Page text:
New York Personal Injury Law Blog » assumption of risk


April 13th, 2016

Let’s Go for a Horsie Ride…(And Fall Off)

Ridin-Hy promo image from its website

Ridin-Hy promo image from its website

Today we go horseback riding at the Ridin-Hy Resort. So put on your cowboy boots and climb into the saddle at my little stable.

Wait! Is the saddle secure? I know, you’ve only had a grand total of 10 hours of horseback riding experience in your life, but isn’t that enough to know that the saddle may slip and you might fall to the ground?

Isn’t that what assumption or risk is all about! It’s a horse: everyone knows they kick, they toss people, sometimes folks get hurt!

You’re not going to blame me for flopping off the horsie on the beginner ride, are you?

What do you mean you want to sue me because you got hurt? So your saddle slipped. It can happen. You must have been sitting on it wrong! Here’s how our funny judge wrote about you:

As her horse again began to move forward she attempted to straighten the saddle without success and fell. It is not clear from the record in this motion in limine if the saddle came off of the horse but the plaintiff certainly did.

Huh? Whaddya mean, judge, that I can’t show the jury the release she signed!  I know, in New York we can’t get cases like this dismissed by having the participant simply sign a waiver absolving me of negligence, as that would violate the law and be against public policy.

But look, that risk was right here there in our release that you signed! OK, well maybe that particular risk isn’t really spelled out, but shouldn’t we show the release to the jury anyway so that the jury might get the gist of it? The judge summarized my argument well!

“The opposition’s novel theory is that this unenforceable agreement’s language can still be used, perhaps with redactions, to demonstrate the plaintiff’s express awareness that saddles may loosen and riders may fall…”

OK, I see judge.  You’re going to keep this release away from the jury because our injured rider was still a rookie, or at least, the jury gets to determine that:

[A]n assessment of whether a participant assumed a risk depends on the openness and obviousness of the risks, the participant’s skill and experience, as well as his or her conduct under the circumstances and the nature of the defendant’s conduct’ ” (Decision: Boland v Riding High Dude Ranch, Inc.)

So maybe next time I’ll put this into the release — that the saddle may slip — so that riders are aware of the problem and can recognize problems before they get hurt?

Perhaps I’ll get that Turkewitz fellow to write me a better release — one that isn’t just poorly designed to dissuade lawsuits and gets chucked as being against public policy — to actually educate participants in the sporting activity they are undertaking. So they are less likely to get injured to begin with.

Like he did here with his trail race, whose release and waiver he once crowd-sourced on his blog.

Because in order to assume a risk, one has to actually have an awareness that the risks exist.


5 thoughts on “Let’s Go for a Horsie Ride…(And Fall Off)

  1. They should consider moving to Florida. Here, your release need not mention the specific danger. It need not even mention that it is releasing from the vendor’s negligence, or even that it is releasing from negligence at all. See Sanislo v. Give Kids the World, 157 So.3d 256,259 (Fla. 2015).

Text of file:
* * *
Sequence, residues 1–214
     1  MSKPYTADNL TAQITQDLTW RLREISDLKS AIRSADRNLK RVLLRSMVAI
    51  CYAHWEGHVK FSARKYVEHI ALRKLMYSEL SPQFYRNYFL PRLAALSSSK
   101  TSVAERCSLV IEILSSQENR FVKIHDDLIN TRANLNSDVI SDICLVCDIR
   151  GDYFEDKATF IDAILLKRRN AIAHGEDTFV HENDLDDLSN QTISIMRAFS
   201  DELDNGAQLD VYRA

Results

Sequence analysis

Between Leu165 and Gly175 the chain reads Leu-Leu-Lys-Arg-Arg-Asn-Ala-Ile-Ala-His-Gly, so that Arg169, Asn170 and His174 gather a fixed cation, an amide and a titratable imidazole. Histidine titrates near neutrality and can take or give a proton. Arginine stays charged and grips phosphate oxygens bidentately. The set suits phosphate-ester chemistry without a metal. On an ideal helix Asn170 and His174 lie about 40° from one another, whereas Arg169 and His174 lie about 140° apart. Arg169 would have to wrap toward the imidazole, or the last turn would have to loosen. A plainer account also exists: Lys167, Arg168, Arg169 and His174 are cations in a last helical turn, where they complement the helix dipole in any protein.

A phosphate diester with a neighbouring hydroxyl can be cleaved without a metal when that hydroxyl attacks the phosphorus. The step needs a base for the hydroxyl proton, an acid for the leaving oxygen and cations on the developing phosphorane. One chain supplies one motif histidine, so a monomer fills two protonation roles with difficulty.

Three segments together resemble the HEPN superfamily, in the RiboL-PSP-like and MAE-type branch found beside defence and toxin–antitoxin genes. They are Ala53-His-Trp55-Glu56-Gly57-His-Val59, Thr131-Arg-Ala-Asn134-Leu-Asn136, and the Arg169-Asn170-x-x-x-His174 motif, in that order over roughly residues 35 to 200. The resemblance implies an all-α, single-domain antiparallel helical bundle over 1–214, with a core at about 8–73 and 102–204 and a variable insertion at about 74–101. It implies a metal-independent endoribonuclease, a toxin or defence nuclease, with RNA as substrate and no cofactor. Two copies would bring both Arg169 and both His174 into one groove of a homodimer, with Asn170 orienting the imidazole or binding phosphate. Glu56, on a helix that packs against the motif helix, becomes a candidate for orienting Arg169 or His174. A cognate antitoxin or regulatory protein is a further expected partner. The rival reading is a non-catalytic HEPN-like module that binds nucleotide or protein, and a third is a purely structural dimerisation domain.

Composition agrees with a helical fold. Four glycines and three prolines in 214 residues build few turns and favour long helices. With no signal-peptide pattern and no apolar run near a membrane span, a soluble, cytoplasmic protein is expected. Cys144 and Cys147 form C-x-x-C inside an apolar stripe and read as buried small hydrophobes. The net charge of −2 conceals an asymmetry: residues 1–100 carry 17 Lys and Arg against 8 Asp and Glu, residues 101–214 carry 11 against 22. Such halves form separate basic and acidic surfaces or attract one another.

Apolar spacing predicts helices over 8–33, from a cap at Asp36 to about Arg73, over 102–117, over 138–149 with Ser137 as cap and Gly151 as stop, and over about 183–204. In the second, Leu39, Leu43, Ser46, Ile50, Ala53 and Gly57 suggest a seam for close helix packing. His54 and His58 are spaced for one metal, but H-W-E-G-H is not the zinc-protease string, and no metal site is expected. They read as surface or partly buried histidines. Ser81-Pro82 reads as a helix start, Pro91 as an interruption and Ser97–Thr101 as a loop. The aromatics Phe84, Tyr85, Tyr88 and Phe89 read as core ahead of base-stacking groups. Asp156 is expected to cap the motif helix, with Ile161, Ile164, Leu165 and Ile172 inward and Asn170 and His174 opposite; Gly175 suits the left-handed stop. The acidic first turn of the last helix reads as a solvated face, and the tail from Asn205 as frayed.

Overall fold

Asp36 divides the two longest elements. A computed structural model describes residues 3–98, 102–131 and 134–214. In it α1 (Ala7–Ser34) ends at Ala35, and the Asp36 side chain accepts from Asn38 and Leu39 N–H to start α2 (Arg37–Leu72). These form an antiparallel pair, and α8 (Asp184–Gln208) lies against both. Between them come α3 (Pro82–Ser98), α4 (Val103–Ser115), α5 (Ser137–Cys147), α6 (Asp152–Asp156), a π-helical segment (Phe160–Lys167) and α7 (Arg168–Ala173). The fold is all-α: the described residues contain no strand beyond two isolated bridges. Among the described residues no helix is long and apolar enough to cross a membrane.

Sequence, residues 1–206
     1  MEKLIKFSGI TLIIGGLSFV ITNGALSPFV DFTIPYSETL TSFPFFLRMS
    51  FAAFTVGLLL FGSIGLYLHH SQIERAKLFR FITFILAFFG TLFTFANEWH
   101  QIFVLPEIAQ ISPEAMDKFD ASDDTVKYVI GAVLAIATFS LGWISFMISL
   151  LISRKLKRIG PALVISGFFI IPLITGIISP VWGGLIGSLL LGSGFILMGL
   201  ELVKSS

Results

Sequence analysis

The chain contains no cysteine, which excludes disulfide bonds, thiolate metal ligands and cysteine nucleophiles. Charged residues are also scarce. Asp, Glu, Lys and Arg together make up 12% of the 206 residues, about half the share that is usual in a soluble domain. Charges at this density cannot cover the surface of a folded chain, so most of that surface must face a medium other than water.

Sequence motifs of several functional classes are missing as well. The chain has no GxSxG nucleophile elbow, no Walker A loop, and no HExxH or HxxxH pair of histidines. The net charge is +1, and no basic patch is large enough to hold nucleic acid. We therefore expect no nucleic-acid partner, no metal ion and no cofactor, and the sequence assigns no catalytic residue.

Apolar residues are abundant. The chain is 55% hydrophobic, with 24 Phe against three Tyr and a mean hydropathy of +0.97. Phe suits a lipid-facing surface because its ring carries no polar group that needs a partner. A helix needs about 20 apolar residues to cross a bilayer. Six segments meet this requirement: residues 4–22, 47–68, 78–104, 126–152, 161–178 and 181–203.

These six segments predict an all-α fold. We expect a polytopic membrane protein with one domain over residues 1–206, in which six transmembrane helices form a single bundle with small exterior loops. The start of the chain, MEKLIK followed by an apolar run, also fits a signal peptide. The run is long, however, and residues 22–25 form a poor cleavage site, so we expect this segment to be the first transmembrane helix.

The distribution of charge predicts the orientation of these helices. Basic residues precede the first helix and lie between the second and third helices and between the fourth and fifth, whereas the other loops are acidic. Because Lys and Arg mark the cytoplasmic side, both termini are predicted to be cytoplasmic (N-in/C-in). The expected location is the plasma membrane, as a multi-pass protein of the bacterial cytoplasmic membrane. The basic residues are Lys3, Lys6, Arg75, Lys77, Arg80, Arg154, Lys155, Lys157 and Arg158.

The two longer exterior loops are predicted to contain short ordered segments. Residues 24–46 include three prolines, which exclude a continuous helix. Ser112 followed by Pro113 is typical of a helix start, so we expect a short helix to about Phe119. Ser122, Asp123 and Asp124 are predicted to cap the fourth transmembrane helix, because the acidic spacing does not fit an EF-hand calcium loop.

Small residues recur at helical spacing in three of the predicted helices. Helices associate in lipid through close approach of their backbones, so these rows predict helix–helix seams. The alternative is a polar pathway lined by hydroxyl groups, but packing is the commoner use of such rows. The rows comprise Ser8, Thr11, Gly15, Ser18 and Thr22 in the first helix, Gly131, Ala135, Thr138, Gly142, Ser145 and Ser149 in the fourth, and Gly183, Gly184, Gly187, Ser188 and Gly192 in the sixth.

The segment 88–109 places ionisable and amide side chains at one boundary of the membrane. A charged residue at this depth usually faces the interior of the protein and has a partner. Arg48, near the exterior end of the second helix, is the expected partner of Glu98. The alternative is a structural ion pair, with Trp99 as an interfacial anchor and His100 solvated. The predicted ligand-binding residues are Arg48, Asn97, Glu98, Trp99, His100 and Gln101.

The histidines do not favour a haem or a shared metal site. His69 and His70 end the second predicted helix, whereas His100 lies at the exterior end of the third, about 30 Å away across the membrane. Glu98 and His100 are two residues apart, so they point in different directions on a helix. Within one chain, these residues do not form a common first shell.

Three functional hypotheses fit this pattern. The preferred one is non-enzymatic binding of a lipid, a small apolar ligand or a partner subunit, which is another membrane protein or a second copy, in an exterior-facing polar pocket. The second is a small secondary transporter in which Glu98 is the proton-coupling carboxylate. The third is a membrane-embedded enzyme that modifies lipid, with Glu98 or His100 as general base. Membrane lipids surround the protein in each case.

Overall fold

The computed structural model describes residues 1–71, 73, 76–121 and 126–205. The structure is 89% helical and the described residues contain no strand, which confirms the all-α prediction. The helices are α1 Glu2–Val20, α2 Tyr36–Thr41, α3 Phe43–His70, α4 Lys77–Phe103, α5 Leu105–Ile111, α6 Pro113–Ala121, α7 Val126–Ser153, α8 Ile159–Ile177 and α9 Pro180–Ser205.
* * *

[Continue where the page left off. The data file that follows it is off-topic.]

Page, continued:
So, no need to worry people by enumerating the hazards in the activty. No need to even mention that there is danger, so long as a knowledgeable person would know what he is releasing.

    Admittedly this was a change from the law in the past, where to release vendor’s negligence the form had to actually say you were releasing vendor’s negligence. Because, in the past, knowledgeable persons did not expect vendors to not use ordinary care.

    (I do not do PI. I do not normally defend PI. I am not licensed in your state. This is not legal advice.)

    • No need to even mention that there is danger, so long as a knowledgeable person would know what he is releasing.

      This goes to the heart and soul of the issue: Rookie participants in sporting activities don’t always have that knowledge.

      • Rookie participants

        Not just rookies. A person who has been riding for years may still not understand that they are releasing the vendor’s negligence, when (a) there is no mention of releasing it and (b) historically releases do not silently release vendor negligence.

        • A person who has been riding for years may still not understand that they are releasing the vendor’s negligence

          In New York, a vendor’s negligence cannot be released by signing a form. If, however, the participant knew of the risks and accepted them by participating, that could render moot any negligence by the organizer of the event.

  2. “Rookie participants in sporting activities don’t always have that knowledge.”

    Surely the solution is state licensing in order to ride a horse. A new commission, Department of Horsing Around, will be created. It will draw up requirements for the three stages of licensing: Learner, Non-Commercial, Commercial (a Commercial Horsey license permits its holder to put a passenger on one’s saddle.behind the licensee). There will be a written exam, an eye test, and a practical exam where the applicant must, among other things, parallel park the horse in a stall.already occupied by two other steeds.

    Need to determine if the rider is aware of the risks? Display license in order to ride. Problem solved.